“An Indonesian Leads America”

I deliberately chose this title to make it sound like the headline in one of the biggest German magazine in 1998, which covered the election of Indonesia’s 1st President, BJ Habibie, after the Soeharto 32 year tyranny. BJ Habibie had studied aerospace engineering from 1955-1965 in Germany and during the last period of Soeharto’s reign, he was the Vice President until Indonesia’s great tyrant stepped down in 1998 only a few months after Soeharto (for the 7th time) was elected president. When BJ Habibie assumed presidency, the headline in Der Spiegel, one of the biggest magazine in Germany, was, “Ein Deutscher Führt Indonesien,” (A German Leads Indonesia).

As the German’s were proud to have “their guy” as President for 2 years, the people of Indonesia are blindly proud of Obama.

Throughout Obama’s campaign until he was inaugurated last Tuesday, at midnight, Jakarta time, Indonesia’s eyes has been fixed on the man that was looked upon as a “brother” or in English ‘fellow countryman’. In the Indonesian language, fellow countryman is “saudara sebangsa” which literally means a fellow country-’brother’.

The fact that Obama had lived for 4 years in Indonesia as a boy is enough reason for people in this culture to think of Obama as a ‘brother’. During the inauguration, Obama was a special fried rice type menu by street vendors. His face on T-shirts is the latest fashion in Jakarta. “Star-spangled banner” is now a favourite song among children of Obama’s elementary school in Jakarta. Obama’s pictures and discussions about him and his family have been dominating national newspapers and TV in Indonesia for the past few months. Interviews with Obama’s half sister, Maya Soetoro Ng, who has never been to Indonesia besides the first 3 years of her life, become the most anticipated TV show.

Everybody here seems to adore Maya also, the “humble half sister of Indonesia’s great brother, Obama,” who, in the minds of Indonesians, has never forgotten where she comes from. Nobody seems to care that decades ago Maya left the country and has never been back. The only reason why she said she had always wished to visit the country where she had been born might only be because hundreds of Indonesian journalists hunt her down for interviews and comments, hoping to hear from her something that would connect Indonesia to Obama more. Maya would have had to give a diplomatic and sympathetic answer to the Indonesians of course. Thus the “I had always wished to come to Indonesia”.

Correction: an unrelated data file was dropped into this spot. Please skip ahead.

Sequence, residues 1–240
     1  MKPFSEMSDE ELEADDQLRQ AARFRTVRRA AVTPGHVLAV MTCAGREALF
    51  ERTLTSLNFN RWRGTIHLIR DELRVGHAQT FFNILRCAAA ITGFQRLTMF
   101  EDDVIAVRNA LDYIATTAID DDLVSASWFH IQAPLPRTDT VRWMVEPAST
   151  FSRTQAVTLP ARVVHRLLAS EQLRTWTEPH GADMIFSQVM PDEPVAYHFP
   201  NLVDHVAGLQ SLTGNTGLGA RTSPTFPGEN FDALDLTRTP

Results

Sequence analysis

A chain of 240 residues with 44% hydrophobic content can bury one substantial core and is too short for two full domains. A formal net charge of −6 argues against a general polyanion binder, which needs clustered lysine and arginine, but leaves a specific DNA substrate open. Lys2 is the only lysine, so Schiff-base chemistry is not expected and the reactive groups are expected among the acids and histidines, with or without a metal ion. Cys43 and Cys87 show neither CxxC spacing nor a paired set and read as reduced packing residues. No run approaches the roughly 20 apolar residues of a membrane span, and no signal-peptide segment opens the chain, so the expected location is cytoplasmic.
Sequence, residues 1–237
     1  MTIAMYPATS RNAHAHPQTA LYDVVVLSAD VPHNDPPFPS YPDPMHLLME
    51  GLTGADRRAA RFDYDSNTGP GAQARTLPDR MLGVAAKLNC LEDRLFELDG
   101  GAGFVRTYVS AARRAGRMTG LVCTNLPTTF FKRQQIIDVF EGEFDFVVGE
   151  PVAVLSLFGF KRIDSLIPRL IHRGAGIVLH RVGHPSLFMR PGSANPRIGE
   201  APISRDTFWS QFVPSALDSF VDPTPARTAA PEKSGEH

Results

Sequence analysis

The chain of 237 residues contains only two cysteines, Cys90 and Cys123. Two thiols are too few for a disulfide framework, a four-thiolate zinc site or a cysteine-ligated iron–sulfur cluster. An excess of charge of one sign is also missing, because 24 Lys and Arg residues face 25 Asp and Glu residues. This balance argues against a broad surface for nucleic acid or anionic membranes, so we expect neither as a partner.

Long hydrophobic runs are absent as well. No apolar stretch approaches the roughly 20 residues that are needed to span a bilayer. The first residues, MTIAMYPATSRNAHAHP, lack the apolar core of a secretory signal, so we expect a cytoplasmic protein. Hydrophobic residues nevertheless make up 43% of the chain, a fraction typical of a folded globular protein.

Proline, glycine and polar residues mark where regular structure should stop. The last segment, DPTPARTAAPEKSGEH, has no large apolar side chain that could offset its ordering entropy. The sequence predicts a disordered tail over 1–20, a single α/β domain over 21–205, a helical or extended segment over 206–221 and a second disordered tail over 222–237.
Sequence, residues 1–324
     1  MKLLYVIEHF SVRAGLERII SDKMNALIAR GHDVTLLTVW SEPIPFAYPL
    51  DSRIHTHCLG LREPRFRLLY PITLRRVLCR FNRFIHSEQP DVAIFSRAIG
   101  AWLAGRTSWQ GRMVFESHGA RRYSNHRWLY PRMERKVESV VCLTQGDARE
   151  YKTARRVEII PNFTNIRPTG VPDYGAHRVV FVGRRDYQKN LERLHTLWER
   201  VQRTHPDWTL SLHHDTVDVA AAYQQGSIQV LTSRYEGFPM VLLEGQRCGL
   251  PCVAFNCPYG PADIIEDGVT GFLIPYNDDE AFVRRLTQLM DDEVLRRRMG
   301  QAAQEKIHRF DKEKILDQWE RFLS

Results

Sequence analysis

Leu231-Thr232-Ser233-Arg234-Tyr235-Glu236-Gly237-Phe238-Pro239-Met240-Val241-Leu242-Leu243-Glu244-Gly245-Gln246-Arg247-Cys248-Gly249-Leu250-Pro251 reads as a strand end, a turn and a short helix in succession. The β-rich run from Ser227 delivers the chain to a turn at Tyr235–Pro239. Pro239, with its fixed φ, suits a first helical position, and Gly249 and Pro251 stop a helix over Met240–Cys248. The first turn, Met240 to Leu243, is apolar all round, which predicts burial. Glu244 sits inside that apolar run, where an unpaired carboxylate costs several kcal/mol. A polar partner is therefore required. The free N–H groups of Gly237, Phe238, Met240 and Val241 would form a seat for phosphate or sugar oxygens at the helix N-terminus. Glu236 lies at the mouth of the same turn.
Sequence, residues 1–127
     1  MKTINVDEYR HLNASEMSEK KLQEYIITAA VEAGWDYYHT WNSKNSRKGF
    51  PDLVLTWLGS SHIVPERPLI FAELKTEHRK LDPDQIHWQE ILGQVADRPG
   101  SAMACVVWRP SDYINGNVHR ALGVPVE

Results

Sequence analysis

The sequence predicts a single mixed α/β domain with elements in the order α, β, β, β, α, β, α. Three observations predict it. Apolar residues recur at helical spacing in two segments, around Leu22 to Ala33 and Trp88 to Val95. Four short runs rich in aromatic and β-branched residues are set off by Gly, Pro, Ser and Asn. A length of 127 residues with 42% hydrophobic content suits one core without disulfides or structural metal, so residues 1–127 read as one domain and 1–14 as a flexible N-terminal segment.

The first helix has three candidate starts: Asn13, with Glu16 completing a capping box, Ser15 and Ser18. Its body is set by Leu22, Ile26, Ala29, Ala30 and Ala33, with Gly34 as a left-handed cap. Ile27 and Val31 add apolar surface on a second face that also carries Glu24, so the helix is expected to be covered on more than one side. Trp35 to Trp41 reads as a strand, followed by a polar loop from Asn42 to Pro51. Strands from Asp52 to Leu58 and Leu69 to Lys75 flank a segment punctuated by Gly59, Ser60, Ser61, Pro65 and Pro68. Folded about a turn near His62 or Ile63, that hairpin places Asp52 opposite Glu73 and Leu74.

The mood in the streets of Indonesia was probably more jubilant than in America when Indonesia heard of Obama’s victory back in November 2008. I remember the moment when Obama gave his first speech as president-elect; I passed a bunch of people watching the speech live on TV when they looked at me with a happy grin on their faces, saying, “We won!” For the past months, I have been wondering whether I was still in Indonesia or had moved to America. Our own presidential election is approaching (April 2009) and I wonder whether the people of Indonesia would look for Obama’s face in their ballot.

Indonesia has dangerously high expectations with their fellow country-’brother’ in the White House. Despite the Vice President’s call on the people not to expect Obama to be close to Indonesia and not to hope that the foreign policy between Indonesia-US is going to dramatically change, parties and celebrations for “their guy” were still held and hopes are still high up; especially amongst Muslims, who expects that the U.S. will have “a more nuanced approach to the Muslim world”.

The adoration for Obama by Indonesian people is getting a bit too much. Obviously the majority of Obama lovers in Indonesia have no clue about Indonesian politics let alone, Obama’s. The only ground for them to love him this much was that ‘personal connection’ they had with Obama, as his step-father was Indonesian and as he had lived in Jakarta for 4 years. Obama is still capable of giving and receiving standard Indonesian greetings and standard small talk in Indonesian, as was the experience of SBY, the current President of Indonesia who spoke with Obama on the phone to congratulate him. And this drove Indonesians even more madly in love with him.

Having “their guy” in the White House, Indonesia seems to have forgotten their long history of hatred against the US. The years of burning the American flags and the years of demonstrations in front of the US embassy in Jakarta seem to be over. As sad as it sounds, now all the hatred can be (and is being) concentrated on Israel.

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